Everybody knows people who didn’t have their green cards in time to move onto campus, or waited weeks later than they expected to receive their loan refund checks. This can lead to headaches and late class registration, as well as angry phone calls home.
However, the situation has been gradually getting better than it used to be, even though some problems still occur, according to five-year Student Accounts worker Bonita Beltrante.
“Last move-in day was the smoothest I’ve seen,” she said.
But many issues can be prevented simply by students understanding the requirements in the first place.
“We need some help from students and parents communicating and knowing what to do,” Beltrante said.
That said, here are some of her tips for avoiding trouble with your bill.
Paying Your Bill
Lots of student troubles come from mistakes calculating the money they owe. When tallying up the total to pay, all of the amounts in the “aid awarded” column of your session bill must be subtracted from the “charges” column – with the significant exception of the Federal Work Study award.
Also, if you have health insurance with your family and intend to decline the university health plan, the insurance waiver form must be filled out and sent in. Otherwise, you will appear to still owe the money for the school plan, causing a barrier for financial clearance.
Another mistake students can make is not making enough of the payments on their plans before the beginning of a school year. On a 10 month payment plan, which begins in June, three months’ payments must be sent before move-in. On a four month plan beginning in July, two must be paid before moving day.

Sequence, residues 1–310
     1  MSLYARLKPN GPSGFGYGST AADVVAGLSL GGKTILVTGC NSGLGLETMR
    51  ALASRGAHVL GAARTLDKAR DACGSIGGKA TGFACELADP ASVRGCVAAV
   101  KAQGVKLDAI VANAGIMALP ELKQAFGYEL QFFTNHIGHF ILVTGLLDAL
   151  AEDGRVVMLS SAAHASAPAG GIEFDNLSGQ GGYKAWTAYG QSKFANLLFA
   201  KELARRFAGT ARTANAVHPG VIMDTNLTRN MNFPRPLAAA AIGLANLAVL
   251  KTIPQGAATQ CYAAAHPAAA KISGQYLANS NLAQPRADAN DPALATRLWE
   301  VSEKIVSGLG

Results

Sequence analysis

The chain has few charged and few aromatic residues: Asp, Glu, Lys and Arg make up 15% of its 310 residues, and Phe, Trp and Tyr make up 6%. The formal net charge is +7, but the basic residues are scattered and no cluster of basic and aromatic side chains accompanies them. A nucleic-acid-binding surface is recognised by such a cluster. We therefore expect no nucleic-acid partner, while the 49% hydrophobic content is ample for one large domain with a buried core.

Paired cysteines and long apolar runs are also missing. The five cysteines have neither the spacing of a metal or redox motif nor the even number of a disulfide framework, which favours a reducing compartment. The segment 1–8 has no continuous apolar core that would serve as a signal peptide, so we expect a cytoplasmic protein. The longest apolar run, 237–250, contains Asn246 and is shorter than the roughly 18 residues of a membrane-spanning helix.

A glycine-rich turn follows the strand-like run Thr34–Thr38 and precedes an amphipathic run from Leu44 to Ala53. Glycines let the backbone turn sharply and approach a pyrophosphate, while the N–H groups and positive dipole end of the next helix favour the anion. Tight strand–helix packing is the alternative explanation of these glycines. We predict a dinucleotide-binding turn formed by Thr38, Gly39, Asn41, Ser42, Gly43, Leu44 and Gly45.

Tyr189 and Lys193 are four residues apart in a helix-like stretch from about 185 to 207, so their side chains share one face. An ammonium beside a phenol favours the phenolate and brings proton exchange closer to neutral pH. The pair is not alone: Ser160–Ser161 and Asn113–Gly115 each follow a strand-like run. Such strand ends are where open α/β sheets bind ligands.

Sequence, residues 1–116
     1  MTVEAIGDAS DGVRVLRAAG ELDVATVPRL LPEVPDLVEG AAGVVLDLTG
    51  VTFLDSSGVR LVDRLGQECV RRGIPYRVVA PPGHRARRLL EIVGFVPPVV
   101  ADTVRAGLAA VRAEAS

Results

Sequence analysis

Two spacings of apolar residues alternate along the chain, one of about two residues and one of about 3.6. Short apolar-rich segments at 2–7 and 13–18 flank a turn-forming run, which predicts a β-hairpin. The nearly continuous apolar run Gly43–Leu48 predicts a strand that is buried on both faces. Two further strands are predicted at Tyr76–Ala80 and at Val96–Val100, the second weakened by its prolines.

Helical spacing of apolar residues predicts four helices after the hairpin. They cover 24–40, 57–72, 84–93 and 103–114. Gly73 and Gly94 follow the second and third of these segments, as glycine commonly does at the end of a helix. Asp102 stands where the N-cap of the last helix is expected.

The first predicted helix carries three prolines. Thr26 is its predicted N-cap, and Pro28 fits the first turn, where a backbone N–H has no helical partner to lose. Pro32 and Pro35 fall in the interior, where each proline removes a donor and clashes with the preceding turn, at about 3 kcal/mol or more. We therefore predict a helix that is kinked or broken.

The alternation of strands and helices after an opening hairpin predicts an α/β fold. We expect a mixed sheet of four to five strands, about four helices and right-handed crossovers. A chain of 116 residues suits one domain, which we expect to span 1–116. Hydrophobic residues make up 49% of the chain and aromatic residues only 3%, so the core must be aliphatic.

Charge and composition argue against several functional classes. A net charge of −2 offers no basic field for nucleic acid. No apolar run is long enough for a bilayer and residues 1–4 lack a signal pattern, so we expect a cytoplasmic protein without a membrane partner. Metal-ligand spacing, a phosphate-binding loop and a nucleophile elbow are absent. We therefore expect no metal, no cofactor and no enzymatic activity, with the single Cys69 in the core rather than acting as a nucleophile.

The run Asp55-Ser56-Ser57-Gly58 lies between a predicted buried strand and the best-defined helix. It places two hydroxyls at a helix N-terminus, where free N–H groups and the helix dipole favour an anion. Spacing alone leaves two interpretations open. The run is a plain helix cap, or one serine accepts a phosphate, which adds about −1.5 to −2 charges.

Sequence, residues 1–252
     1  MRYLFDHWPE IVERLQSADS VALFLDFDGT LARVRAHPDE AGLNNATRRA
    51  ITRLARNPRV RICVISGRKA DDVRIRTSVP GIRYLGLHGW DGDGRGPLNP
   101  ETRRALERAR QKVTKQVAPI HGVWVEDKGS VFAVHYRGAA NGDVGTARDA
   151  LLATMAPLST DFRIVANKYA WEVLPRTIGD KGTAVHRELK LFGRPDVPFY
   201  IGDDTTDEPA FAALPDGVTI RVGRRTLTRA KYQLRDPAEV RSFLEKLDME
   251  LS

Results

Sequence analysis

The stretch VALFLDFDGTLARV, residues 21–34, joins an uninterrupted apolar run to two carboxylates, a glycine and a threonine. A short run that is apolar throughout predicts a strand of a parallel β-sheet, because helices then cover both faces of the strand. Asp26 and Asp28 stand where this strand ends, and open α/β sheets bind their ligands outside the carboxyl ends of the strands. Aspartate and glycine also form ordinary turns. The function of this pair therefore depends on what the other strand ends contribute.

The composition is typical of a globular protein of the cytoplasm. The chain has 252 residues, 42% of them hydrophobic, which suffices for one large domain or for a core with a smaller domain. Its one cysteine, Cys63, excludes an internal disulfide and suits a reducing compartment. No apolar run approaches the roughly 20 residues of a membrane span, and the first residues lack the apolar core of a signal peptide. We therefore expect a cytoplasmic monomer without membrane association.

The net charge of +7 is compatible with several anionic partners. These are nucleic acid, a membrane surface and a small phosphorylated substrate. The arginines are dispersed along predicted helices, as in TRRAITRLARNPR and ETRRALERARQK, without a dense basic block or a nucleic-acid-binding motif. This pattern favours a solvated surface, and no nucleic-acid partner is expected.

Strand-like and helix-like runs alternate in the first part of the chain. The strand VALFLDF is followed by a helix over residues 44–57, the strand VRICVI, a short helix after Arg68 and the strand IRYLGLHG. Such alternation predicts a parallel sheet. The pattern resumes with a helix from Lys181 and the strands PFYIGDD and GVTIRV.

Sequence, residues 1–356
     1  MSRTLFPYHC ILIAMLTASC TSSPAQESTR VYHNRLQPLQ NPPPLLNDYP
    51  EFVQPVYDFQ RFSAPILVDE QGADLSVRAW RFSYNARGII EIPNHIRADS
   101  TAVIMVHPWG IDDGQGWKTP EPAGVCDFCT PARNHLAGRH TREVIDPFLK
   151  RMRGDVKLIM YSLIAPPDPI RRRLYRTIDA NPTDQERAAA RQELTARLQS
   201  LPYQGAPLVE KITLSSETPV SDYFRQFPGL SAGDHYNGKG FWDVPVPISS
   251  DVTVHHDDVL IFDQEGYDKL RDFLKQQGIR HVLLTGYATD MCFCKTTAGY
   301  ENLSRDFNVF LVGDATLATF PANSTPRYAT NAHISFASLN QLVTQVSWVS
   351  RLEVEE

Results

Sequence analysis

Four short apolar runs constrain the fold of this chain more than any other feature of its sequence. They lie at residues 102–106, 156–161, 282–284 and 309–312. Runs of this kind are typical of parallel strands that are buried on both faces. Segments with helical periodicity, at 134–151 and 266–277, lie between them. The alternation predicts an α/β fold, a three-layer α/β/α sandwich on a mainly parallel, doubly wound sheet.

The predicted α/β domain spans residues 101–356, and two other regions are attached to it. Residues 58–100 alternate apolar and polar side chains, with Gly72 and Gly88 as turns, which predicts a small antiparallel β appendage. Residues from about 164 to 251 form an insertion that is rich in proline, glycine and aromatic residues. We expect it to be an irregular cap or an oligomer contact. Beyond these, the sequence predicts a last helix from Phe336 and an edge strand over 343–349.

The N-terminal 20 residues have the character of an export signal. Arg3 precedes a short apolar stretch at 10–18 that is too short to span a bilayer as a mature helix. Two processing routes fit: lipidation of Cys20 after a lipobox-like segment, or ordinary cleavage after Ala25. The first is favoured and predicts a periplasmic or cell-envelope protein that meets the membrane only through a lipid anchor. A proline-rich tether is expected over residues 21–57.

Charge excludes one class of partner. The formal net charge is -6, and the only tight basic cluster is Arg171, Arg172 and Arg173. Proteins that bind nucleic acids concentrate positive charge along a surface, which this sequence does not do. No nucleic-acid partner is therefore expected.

If you are not on a payment plan, your payment for the semester’s bill should be sent at least two weeks before move-in to avoid issues.
When you receive your session bill, if you have requested loans and they fail to show up it means there is some paperwork you have yet to fill out. Most often, this is either the Master Promissory Note or the entrance counseling, both of which can be finished online.
If you are scheduled to receive a loan refund and don’t want to just wait for it to be sent to your home, you can pick it up at the student accounts office. They arrive between the second week of September and the end of October each fall in random groups once a week.
The best way to get your check is to come in on Tuesdays to find whether it came in that week; if it did, there is a form to fill out that will keep the check from being forwarded to your home. If you fill out the form, you can pick up the check at the office the next afternoon.
On a final note, there’s little more important to avoiding problems than good communication between you and your parents. Problems occur when students think their parents plan to pay but the parents are unaware of the exact requirements, for instance. Also, if you plan to live on campus, you will receive your housing information in your mailbox. Your parents need to know what’s going on as well, but they won’t know a thing unless you inform them.
More generally, if you do have an issue at some point that needs to be worked out, the best way to resolve it is to go into the office rather than calling.